People and Events News - U.S. Eleventh Circuit
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A federal judge allegedly gets into a physical fight with his wife. A lawyer gets "seized" at a security checkpoint when she refuses to take off her coat. A child pornographer gets a rehearing because his lawyer was late coming back from lunch.

These were among the most-viewed posts in FindLaw's U.S. Eleventh Circuit Blog this year (though, honestly, a lot of really good ones were missing; c'mon folks, what's wrong with bagel envy?).

For your reading enjoyment, here were the Top 11 blog posts (because it's the Eleventh Circuit, get it?) in 2014:

The new hotness in suing over the Affordable Care Act took a hit at the Eleventh Circuit today, with the court denying relief to Kawa Orthodontics in a dispute over the delay of the ACA's employer mandate.

Kawa Orthodontics, owned by Larry Kawa (a noted figure in the Republican Party), apparently spent a bunch of money on figuring out how to comply with the mandate. Then, wouldn't you know it, the Treasury Department delayed enforcement of the employer mandate for another year, then another year. The bizarre thing is that, when Kawa filed its lawsuit, it didn't ask for that money back; rather, it just sought a declaratory judgment and injunction finding Treasury's delayed enforcement unlawful.

As we give thanks this year, we wondered, what is there to be thankful for in the Eleventh Circuit? It runs the gamut from the rural Alabama, north to the cosmopolitan Florida coast, with a heavy dose of swamp in between, so there are a lot of things to be thankful for.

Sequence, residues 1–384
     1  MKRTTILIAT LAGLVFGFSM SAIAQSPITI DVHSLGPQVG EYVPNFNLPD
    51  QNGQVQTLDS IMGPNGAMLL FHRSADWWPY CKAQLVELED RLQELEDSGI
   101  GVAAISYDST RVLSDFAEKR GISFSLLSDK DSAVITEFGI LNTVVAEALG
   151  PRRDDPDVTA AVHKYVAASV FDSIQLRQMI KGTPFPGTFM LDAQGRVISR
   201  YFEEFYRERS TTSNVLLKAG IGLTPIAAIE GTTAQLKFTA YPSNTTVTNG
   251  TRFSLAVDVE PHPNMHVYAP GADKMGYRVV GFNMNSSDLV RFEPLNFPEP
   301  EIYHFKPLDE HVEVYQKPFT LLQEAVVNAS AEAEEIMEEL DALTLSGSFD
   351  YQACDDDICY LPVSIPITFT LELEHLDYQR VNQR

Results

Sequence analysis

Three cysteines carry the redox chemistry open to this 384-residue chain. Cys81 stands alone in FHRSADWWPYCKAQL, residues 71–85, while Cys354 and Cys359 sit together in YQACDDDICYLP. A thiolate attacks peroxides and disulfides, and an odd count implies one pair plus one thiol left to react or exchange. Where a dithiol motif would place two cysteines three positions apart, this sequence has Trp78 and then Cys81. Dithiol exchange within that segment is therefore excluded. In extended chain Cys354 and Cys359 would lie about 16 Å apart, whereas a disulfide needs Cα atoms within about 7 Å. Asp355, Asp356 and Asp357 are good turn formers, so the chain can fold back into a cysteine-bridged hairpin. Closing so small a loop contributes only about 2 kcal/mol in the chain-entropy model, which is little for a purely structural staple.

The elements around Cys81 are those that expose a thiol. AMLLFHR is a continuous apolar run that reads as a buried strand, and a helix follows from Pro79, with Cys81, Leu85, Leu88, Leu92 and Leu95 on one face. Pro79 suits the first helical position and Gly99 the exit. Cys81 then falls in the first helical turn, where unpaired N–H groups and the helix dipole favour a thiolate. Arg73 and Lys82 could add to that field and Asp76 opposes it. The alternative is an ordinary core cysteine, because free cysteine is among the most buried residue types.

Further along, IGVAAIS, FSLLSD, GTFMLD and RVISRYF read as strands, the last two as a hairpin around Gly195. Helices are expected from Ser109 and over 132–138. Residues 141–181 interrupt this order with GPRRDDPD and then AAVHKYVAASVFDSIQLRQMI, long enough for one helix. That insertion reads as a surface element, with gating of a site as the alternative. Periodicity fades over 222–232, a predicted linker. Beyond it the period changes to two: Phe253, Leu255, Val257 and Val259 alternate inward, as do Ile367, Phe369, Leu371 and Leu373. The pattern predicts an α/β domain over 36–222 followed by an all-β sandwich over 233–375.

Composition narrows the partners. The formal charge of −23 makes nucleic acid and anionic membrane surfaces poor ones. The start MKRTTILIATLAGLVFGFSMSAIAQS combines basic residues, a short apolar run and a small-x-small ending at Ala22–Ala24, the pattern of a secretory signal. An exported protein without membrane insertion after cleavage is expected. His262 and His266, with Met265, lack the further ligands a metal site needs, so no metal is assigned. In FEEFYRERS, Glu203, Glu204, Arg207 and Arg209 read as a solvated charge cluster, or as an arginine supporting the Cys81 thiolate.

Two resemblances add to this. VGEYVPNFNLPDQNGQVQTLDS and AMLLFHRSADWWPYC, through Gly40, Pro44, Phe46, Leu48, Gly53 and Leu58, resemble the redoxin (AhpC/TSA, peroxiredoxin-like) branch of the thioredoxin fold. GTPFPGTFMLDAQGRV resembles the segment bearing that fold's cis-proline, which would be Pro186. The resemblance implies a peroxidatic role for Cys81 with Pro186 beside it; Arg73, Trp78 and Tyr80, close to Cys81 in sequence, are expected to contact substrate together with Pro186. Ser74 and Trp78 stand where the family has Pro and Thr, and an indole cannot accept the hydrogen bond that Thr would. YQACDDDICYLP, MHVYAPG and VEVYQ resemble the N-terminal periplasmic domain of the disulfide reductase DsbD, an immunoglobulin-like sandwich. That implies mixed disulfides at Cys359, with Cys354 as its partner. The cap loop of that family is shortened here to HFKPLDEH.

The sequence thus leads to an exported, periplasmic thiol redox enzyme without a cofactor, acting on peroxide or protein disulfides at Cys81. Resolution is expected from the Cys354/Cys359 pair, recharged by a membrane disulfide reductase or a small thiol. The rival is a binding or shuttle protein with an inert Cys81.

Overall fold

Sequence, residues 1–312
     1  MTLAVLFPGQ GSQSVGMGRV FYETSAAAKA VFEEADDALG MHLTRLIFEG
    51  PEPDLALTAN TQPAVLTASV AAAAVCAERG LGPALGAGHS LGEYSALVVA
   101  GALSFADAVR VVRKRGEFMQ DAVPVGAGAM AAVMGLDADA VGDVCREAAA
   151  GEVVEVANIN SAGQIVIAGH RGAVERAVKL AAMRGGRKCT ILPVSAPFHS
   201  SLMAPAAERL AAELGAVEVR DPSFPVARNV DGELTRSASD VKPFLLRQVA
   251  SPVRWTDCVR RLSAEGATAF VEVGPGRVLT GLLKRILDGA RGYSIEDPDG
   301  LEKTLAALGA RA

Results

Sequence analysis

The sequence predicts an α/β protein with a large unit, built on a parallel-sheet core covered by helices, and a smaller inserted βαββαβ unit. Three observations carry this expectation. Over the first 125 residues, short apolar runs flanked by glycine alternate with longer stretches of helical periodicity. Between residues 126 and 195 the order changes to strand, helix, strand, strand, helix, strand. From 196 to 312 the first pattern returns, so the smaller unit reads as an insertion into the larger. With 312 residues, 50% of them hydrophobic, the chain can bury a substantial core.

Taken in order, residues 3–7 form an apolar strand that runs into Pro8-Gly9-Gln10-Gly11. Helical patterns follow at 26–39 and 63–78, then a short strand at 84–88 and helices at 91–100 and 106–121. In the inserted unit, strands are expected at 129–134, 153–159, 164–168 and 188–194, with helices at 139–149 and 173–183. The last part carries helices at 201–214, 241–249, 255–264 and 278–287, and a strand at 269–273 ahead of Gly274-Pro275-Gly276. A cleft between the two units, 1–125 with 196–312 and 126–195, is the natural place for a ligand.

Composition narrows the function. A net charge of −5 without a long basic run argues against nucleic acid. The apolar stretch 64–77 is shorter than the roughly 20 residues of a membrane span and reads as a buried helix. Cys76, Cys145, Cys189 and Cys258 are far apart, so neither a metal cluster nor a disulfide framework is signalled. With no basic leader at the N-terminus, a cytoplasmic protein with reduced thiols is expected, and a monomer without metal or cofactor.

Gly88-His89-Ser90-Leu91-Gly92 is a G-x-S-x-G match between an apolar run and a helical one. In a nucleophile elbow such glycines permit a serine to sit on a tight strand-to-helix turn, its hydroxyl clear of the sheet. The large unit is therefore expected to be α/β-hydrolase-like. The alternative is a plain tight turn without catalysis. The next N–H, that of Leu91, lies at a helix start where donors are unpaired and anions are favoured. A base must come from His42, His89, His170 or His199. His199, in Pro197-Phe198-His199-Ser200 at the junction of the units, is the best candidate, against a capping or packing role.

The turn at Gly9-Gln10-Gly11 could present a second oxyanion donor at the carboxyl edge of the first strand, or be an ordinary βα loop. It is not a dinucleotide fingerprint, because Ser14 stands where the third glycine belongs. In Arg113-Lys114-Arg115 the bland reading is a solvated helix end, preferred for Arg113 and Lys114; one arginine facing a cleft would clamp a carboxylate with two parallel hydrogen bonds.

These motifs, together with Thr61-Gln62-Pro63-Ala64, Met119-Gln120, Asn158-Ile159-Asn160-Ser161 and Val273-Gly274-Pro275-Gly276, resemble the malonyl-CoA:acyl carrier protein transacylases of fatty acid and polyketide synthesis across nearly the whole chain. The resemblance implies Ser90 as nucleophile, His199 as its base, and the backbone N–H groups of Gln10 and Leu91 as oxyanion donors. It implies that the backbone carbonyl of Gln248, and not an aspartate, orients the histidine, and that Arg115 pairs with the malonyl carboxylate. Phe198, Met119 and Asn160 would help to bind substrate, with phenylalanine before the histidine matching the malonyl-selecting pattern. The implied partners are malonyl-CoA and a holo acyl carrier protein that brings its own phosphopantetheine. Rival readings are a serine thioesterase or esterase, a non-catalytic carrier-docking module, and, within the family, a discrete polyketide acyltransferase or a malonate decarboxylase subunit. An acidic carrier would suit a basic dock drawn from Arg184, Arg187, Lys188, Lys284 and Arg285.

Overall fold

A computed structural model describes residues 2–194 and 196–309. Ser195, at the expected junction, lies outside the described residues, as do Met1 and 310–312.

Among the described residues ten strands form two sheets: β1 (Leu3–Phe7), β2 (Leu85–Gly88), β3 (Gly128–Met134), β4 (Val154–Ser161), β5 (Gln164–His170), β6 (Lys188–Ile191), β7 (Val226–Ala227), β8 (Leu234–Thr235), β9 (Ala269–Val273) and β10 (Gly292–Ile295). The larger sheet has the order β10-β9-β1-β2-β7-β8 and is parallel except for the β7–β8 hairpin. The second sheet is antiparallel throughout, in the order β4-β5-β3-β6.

Here are some of our favorites.

Since we last brought you the story of Judge Mark Fuller, the Alabama federal district court judge accused of domestic violence, a lot has changed: America has suddenly decided it's a lot less tolerant of domestic violence than it was before NFL player Ray Rice's video appeared on TMZ.

Now, both of Alabama's Republican U.S. senators -- Richard Shelby and Jeff Sessions -- have called on Fuller to resign.

It's been a slow week in the Eleventh Circuit. Last week, though, was a doozey. A Florida judge ruled the state's same-sex marriage ban unconstitutional. Alabama's Supreme Court said that injured consumers could go after brand-name pharmaceutical companies for problems caused by generics (provoking no small amount of controversy).

With high courts in each state in the Eleventh remaining quiet, this week we have some (alleged) Chinese hackers and a class action lawsuit.

Hot on the heels of a similar ruling in Mississippi last week, a federal judge in Alabama has also declared part of the state's abortion law unconstitutional.

As in Mississippi, the issue in Alabama was the constitutionality of a state law requiring doctors administering abortions to have admitting privileges at local hospitals. (Laws requiring admitting privileges are being used to try to eliminate access to abortions in several states, mainly in the South.)

Judge Myron Thompson's 172-page opinion in Planned Parenthood v. Strange found that the Alabama's Women's Health and Safety Act of 2013 is an "impermissible undue burden" that would "have the striking result of closing three of Alabama's five abortion clinics, clinics which perform only early abortions, long before viability."